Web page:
He’s the Berries (Part 2)

All the next day I hoped I would see the pilot again and that he—instead of his friend—would ask me out. I was in the midst of a smallish dinner rush and was buzzing about my tables, checking on how their food tasted and if they needed refills. I had a water jug in hand and was filling up a table’s water glasses when I spotted him out of the corner of my eye. Instantly my stomach clenched and I could feel myself wanting to beam, but I didn’t want to seem overly giddy, so instead I kept my cool—which if you know me at all, is still me being wildly uncool. I kept filling the glasses though one wasn’t water, it was Sprite and as soon as I did it I snapped back to the present and away from the pilot’s smile.

“That was Sprite wasn’t it?” I said to the gentleman staring at his newly destroyed Sprite/water mix. He smiled and nodded. “Ooops. I am so sorry. I will go get you a new Sprite.”

I scurried to the front to seat the pilot and get a new Sprite. Again, he stayed until close. His new buddy Bill joined him again and I frequented their table, pretending it was just because I am an attentive waitress, but really I couldn’t get enough of the pilot or his disarming smile.

I hardly knew what to do with myself, he was such a distraction to me. I was delivering the wrong food and pouring the wrong drinks, but I couldn’t redirect my thoughts to the tasks at hand; they only wanted to be on him.

And so when he got up to leave, I kind of slunk behind my waitress station in nervous anticipation of whether he would just leave and that’d be the end of it or if he did remember that tomorrow was my day off and he really did want to take me to dinner. I had a large glass of ice water I was sipping on and I inched over to the counter at the front of the restaurant. He had paid for his dinner and walked back over to the counter where I was standing.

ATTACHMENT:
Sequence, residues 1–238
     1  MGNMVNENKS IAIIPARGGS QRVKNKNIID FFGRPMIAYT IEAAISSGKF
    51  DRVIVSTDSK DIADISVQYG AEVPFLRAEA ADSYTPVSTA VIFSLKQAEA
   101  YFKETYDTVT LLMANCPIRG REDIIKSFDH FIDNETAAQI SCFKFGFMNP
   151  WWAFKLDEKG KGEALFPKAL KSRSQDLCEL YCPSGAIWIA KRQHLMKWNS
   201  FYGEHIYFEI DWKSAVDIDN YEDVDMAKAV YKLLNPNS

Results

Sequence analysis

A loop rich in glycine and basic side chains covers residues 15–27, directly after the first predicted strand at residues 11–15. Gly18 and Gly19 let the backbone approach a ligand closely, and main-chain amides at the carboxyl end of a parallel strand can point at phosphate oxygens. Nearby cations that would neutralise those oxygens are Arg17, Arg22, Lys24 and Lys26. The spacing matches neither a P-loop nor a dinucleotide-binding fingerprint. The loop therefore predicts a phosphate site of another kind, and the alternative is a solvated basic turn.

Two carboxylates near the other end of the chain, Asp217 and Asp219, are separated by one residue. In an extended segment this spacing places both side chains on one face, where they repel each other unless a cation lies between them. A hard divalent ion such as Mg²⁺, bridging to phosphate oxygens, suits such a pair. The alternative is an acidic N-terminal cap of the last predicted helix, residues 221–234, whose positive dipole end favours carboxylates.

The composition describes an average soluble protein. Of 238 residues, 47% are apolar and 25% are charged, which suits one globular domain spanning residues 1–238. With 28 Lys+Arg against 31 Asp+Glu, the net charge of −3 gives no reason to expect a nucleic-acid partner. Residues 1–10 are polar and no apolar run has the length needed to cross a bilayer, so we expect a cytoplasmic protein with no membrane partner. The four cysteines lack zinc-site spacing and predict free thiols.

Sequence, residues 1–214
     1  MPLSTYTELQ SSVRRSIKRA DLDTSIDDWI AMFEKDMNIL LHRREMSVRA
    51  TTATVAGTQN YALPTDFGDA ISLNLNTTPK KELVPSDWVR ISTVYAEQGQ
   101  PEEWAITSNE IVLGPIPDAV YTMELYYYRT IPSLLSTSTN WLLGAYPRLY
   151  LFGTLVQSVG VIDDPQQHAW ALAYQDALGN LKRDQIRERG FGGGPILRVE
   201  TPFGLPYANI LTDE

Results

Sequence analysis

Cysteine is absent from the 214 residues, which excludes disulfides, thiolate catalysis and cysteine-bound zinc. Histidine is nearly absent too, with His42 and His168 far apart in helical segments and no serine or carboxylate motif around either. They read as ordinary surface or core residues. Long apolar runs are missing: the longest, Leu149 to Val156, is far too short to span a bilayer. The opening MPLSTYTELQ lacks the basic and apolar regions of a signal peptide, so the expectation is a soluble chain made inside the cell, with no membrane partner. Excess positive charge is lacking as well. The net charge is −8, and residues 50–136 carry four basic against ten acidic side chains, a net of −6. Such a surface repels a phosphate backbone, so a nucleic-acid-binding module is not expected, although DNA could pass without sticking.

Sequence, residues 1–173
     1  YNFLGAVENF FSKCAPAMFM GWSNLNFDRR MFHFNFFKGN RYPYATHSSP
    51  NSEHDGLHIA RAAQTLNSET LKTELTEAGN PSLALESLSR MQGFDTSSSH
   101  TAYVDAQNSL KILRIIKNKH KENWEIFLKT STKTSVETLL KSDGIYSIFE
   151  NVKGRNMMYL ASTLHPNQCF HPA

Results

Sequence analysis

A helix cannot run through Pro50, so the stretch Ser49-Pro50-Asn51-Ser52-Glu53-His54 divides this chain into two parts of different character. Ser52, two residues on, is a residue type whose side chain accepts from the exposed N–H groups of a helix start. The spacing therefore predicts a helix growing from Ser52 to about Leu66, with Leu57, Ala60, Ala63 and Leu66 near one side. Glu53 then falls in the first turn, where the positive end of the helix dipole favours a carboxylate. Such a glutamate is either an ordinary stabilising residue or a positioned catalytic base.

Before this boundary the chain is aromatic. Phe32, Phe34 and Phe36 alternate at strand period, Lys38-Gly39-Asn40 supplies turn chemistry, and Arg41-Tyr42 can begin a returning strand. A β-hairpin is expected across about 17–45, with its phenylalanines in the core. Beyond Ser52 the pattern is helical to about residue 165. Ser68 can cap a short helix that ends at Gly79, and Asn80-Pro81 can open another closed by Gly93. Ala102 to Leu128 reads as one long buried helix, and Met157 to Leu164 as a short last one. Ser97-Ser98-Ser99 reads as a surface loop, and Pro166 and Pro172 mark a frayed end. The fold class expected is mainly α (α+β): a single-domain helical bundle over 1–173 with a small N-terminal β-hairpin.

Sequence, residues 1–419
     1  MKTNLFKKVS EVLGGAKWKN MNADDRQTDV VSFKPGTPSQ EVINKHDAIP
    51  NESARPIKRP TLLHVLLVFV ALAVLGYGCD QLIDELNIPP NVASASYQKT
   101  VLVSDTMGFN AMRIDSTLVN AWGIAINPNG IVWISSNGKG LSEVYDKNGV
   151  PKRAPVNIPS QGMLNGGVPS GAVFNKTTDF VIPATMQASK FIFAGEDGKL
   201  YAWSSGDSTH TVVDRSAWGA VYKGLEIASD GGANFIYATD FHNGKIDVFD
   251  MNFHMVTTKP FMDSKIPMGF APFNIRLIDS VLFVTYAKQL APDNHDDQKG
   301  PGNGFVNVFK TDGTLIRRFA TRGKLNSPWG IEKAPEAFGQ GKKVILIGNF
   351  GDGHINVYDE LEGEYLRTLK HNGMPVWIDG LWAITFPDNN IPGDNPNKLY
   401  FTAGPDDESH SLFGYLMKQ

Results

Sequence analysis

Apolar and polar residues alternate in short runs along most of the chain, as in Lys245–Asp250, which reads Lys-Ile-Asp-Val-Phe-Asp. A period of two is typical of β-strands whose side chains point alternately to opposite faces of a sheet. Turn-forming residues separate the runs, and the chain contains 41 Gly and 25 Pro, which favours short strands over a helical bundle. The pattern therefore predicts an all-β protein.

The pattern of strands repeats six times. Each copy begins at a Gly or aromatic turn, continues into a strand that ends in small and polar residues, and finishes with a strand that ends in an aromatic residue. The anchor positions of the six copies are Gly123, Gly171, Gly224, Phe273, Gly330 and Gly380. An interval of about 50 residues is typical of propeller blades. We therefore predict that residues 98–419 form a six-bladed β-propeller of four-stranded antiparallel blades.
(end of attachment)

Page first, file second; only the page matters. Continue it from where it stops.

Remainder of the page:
“So, if you would like to hang out or anything tomorrow on your day off…” he ventured while my brain instantly ceased functioning. “I can give you my information.”

I don’t remember what I said, maybe I just nodded like a loon, sliding a waitress tablet across for him to write down his information. He ripped off the sheet and slid it back to me. And being too dumbfounded for words—because besides his smile, have I mentioned how beautiful he is? How tall? Or dapper? How ‘bout that he looks just like a cowboy—I accidentally knocked over my entire glass of water onto the slip of paper, ice sliding this way and that, while water ran over the sides of the counter.

He laughed and asked if I was alright.

I felt honesty was my only option at this point. “It’s just your smile…” I confessed. “It’s very unsettling.”

“That doesn’t seem like a good thing,” he replied.

“No it is!” I insisted, “But it distracts me… and well…” I motioned to the mess I was trying to mop up with napkins, while shaking out the paper with his name, phone number and email.